Scoreboard: Slack sales

Wall Street ended higher despite disappointing retail sales data, while the Australian dollar found its way back above US93c.

In US economic news, retail sales were flat in July, short of the expected 0.2 per cent gain. Excluding autos, sales rose 0.1 per cent, again short of forecasts for a 0.4 per cent gain. The mortgage market index fell by 2.7 per cent in the latest week, dragged down by a 4 per cent fall in refinancing. Business inventories rose by 0.4 per cent as expected in June. 

European shares rose on Wednesday. While eurozone production fell by 0.3 per cent in June, the decline was attributed to ongoing geopolitical issues, especially Ukraine. The FTSEurofirst 300 index rose by 0.3 per cent boosted by gains of utility E.ON and insurer Swiss Life. The German Dax was up 1.4 per cent and the UK FTSE edged up 0.4 per cent. Australia's major miners were mixed in London trade with shares in BHP Billiton up 0.2 per cent while Rio Tinto was lower by 2.6 per cent.

US sharemarkets rose on Wednesday despite weak sales figures pushing down the share prices of retailers. The Health Care sector led the gains in the broader S&P 500 index. The Dow Jones index rose by 91 points or 0.6 per cent with the S&P 500 index up by 0.7 per cent while the Nasdaq gained almost 45 points or 1.0 per cent.

US treasury prices were firmer (yields lower) in response to softer-than-expected economic data. Thomson Reuters also reported that "Wednesday's $24 billion in 10-year notes was met with solid demand." US Treasury will sell $16 billion of 30-year bonds on Thursday. US 2-year yields fell by 3 points to 0.416 per cent while US 10-year yields fell by 4 points to 2.415 per cent.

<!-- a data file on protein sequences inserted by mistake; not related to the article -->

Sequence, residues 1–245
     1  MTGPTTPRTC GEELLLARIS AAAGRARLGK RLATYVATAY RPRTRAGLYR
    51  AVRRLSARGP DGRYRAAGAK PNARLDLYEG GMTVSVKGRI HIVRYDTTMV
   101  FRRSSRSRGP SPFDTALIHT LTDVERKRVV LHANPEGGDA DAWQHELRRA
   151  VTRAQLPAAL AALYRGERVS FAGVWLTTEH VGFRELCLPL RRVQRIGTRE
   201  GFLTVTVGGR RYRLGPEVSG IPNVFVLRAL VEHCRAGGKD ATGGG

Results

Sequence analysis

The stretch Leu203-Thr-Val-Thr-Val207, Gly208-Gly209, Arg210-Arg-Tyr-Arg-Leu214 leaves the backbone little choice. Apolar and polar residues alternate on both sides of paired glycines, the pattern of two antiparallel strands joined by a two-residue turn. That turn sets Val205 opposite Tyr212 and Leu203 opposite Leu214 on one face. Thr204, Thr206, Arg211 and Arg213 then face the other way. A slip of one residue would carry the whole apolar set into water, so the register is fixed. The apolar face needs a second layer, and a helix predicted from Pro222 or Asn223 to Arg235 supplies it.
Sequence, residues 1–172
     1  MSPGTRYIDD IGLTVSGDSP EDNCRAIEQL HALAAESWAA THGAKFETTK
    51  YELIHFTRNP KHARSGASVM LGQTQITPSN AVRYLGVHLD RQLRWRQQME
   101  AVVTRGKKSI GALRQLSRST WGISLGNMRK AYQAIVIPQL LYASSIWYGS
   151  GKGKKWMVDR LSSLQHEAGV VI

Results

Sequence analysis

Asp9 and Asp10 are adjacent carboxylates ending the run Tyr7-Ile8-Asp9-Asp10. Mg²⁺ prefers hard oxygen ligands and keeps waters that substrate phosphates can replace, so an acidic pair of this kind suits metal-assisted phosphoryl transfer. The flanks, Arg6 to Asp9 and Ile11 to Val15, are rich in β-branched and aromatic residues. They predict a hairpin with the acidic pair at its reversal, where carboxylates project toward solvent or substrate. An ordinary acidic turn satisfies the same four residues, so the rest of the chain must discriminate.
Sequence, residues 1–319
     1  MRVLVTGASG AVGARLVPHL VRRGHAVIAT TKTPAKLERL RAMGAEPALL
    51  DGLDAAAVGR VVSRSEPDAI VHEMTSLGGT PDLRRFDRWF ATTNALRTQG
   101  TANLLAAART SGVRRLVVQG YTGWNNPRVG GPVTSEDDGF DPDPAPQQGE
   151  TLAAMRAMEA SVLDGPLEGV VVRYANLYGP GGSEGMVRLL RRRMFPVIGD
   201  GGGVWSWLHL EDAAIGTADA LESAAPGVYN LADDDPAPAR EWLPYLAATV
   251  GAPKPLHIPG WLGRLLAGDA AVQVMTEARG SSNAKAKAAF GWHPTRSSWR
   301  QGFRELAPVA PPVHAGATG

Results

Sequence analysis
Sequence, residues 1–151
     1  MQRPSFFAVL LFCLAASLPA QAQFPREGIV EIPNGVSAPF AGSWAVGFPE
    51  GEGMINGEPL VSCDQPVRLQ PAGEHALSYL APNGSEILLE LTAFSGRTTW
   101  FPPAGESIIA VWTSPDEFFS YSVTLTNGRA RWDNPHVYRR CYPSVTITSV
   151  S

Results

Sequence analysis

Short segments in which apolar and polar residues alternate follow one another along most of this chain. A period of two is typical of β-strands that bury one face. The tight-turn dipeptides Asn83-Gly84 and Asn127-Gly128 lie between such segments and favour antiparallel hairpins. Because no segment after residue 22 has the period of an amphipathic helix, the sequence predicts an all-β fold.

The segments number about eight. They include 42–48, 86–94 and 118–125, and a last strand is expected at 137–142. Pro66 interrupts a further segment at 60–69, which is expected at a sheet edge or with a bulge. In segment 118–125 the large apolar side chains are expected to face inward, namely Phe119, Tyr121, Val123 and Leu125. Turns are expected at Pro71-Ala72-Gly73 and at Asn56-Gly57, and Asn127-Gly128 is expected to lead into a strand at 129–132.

Major currencies were volatile against the US dollar over the European and US sessions on Wednesday but ended US trade a little firmer. The euro rose from lows near $US1.3345 to around $US1.3415 before ending US trade near $US1.3365. The Australian dollar rose from lows near US92.75c to highs near US93.20c, ending the US session near US93.05c. The Japanese yen traded in a range between 102.22 yen per US dollar to JPY102.52, ending US trade near JPY102.43.

World oil prices rose on Wednesday. Brent recovered from a 13-month low on investor concern about possible disruptions to oil supplies as a result of turmoil in Iraq and Libya. Nymex crude rose only modestly after the Energy Information Administration said that stockpiles rose by 1.4 million barrels last week. Brent crude rose by $US1.26 or 1.2 per cent to $US104.28 a barrel while the US Nymex price edged higher by US22 cents a barrel to $US97.59 a barrel.

Base metal prices were lower on Wednesday by up to 2.1 per cent with lead and zinc leading the declines. Gold prices rose modestly on Wednesday against a softer greenback with the Comex gold futures quote up by $US3.90 to $US1,314.50 per ounce. Iron ore fell by US80c on Wednesday or 0.9 per cent to $US93.20 a tonne. 

Ahead: In Australia, average weekly earnings figures are released. Telstra releases its profit result. In the US, the weekly data on claims for unemployment insurance are issued together with import and export price data.

Craig James is chief economist at Commsec.